FIG. 1, via use of a tabular format, describes the stages of a new wet chemical clean procedure used to prepare a semiconductor substrate for a subsequent process step, regarding the chemical component used, as well as the temperature, and the time used, for each specific stage of the wet clean procedure.
DESCRIPTION OF THE PREFERRED EMBODIMENTS
FIG. 2, via use of a tabular format, compare the novel wet chemical clean procedure described in this invention, to a previously used wet chemical clean, in terms of removal of specific metallic impurities, intentionally contaminated on the surface of a semiconductor substrate.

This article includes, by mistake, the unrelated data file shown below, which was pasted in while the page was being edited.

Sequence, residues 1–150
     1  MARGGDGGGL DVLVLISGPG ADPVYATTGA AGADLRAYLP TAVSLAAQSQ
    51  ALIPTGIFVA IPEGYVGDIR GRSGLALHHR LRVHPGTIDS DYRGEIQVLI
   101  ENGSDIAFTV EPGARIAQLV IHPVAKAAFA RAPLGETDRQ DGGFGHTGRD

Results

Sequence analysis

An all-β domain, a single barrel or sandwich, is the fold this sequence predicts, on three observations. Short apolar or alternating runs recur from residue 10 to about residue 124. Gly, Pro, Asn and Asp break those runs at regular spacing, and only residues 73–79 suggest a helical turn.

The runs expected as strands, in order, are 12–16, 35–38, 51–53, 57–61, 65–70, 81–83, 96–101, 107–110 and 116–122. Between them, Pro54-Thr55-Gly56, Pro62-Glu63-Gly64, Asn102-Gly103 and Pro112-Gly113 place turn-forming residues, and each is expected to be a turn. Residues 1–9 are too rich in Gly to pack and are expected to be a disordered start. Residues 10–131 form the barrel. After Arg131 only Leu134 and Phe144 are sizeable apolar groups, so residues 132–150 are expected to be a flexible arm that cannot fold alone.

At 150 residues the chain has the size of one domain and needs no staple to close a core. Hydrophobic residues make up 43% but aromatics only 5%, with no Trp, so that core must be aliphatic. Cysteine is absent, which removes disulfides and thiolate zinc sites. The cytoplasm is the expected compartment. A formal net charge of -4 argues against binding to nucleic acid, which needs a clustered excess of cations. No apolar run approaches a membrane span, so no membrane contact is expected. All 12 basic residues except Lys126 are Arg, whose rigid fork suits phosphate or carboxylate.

A method of preparing a semiconductor substrate surface for a subsequent processing step via use of a novel wet chemical clean procedure featuring increased removal of metallic impurities, and reduced processing time, when compared to a previously used, counterpart wet chemical clean procedures, used for an identical purpose, will now be described in detail. A semiconductor substrate comprised with a surface requiring low levels of metallic impurities to allow success of subsequent processing steps, such as growth of a gate insulator, or formation of a metal silicide layer, to be realized, is subjected to a new wet chemical clean procedure now described in this invention. The three major stages of the new wet chemical procedure used for preparation of the semiconductor substrate surface for a subsequent process step, is shown in table form in FIG. 1. The first stage of the wet chemical procedure is exposure of the semiconductor substrate to a sulfuric—peroxide solution. This is accomplished using a H2SO4:H2O2 solution, preferably at a ratio of 4:1, at a temperature preferably between about 115 to 125° C., for a time preferably between about 500 to 700 sec. The ratio of H2SO4:H2O2 is between 1:100 and 100:1, temperature between 20 and 250° C. and the duration between 1 and 1000 seconds. This stage of the wet chemical procedure results in removal of organic contaminants from the surface of the semiconductor substrate, followed by growth of a native oxide layer, at a thickness between about 10 to 30 Angstroms. Following this procedure a quick dump rinsing (QDR), step is performed to completely remove all traces of the H2SO4:H2O2 solution from the semiconductor substrate. The QDR step consumes between about 250 to 350 sec.